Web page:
South African President Cyril Ramaphosa on Sunday said the country will reimpose a liquor ban to reduce the number of trauma patients that have taken up space in hospitals, where beds are now desperately needed to accommodate a surge of coronavirus patients.
Confronted by this surge, South Africa is also reinstating a night curfew to reduce traffic accidents and made it mandatory for all residents to wear face masks when in public.
In a nationally televised address Sunday night, Ramaphosa said top health officials are warning of impending shortages of hospital beds and medical oxygen as South Africa reaches a peak of coronavirus cases, expected between the end of July and September. He said some hospitals have had to turn away patients because all the beds are full.
South Africa's rapid increase in reported cases has made it one of the world's hot spots of COVID-19. Johns Hopkins University, which tallies worldwide figures, ranks South Africa as the ninth country most affected by the disease.
The country has reported increases of more than 10,000 confirmed cases for several days, and the latest daily increase was nearly 13,500. South Africa accounts for 40 percent of all the confirmed cases in Africa, with 276,242 -- an increase of 12,058 in one day.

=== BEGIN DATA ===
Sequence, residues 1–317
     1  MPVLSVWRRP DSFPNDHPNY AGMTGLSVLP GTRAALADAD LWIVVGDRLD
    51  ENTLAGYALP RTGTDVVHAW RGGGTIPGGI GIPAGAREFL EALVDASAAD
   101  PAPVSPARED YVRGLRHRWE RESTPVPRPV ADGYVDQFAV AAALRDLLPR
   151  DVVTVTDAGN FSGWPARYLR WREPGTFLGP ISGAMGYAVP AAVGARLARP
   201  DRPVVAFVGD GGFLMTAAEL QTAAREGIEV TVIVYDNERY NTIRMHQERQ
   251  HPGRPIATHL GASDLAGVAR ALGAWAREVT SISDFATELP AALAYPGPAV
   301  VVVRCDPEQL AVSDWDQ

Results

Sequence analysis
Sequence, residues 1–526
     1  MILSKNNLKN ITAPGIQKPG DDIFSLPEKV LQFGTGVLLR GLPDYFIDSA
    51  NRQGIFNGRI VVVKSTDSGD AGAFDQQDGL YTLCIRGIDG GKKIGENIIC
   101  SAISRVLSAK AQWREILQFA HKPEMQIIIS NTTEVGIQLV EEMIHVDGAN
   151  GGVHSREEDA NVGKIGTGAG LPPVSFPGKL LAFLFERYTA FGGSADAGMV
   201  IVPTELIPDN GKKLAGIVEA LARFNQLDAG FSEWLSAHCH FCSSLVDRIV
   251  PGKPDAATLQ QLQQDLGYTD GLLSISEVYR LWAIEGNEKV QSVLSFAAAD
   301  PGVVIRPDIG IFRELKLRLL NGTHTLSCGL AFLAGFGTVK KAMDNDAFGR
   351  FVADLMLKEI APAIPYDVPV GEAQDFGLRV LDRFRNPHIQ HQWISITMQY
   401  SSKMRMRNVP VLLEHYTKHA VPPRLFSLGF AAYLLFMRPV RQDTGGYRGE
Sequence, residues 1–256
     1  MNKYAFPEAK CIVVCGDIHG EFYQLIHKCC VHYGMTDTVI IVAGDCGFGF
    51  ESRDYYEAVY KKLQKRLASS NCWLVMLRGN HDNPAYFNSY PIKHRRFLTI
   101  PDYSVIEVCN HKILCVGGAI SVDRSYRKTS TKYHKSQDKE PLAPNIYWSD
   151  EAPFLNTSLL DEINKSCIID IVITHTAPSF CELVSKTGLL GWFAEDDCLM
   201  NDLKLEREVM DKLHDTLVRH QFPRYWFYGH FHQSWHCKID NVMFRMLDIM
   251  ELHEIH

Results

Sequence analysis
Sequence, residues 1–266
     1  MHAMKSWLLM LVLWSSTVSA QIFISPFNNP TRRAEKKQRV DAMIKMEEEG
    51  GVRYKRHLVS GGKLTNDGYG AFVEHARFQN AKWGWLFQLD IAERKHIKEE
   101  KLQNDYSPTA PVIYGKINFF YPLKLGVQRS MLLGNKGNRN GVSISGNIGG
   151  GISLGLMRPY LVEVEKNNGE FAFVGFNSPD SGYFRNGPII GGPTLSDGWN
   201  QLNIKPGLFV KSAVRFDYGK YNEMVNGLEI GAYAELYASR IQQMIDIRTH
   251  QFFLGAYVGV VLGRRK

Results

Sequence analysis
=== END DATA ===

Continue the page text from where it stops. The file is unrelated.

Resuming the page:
South Africa has recorded 4,079 deaths, 25 percent of which have been in the past week, Ramaphosa said.
"While the surge of infections has been expected, the force and the speed with which it has progressed has, quite understandably, caused great concern," Ramaphosa said. "Many of us are fearful of the danger this presents for ourselves, and for our families."
Ramaphosa said that since the sale of alcohol was re-introduced in June, hospitals have experienced a spike in admissions in their trauma and emergency wards.
Face masks have also been declared mandatory, with all transport operators, employers, and owners of businesses and buildings now legally obliged to ensure everyone entering their businesses or premises are wearing masks.
South Africa imposed one of the world's strictest lockdowns in April and May, including closing virtually all mines, factories and businesses, and implemented a ban on sales of liquor and cigarettes. The measures slowed the spread of the coronavirus but South Africa's economy contracted dramatically, increasing unemployment and hunger.
The country began relaxing restrictions in June to allow millions of South Africans to return to work. The easing of restrictions allowed the sale of alcohol for four days a week. But within a few weeks, the number of confirmed cases and hospitalizations increased dramatically, prompting Ramaphosa to reimpose the ban on alcohol sales, among other restrictions.
The Associated Press contributed to this report.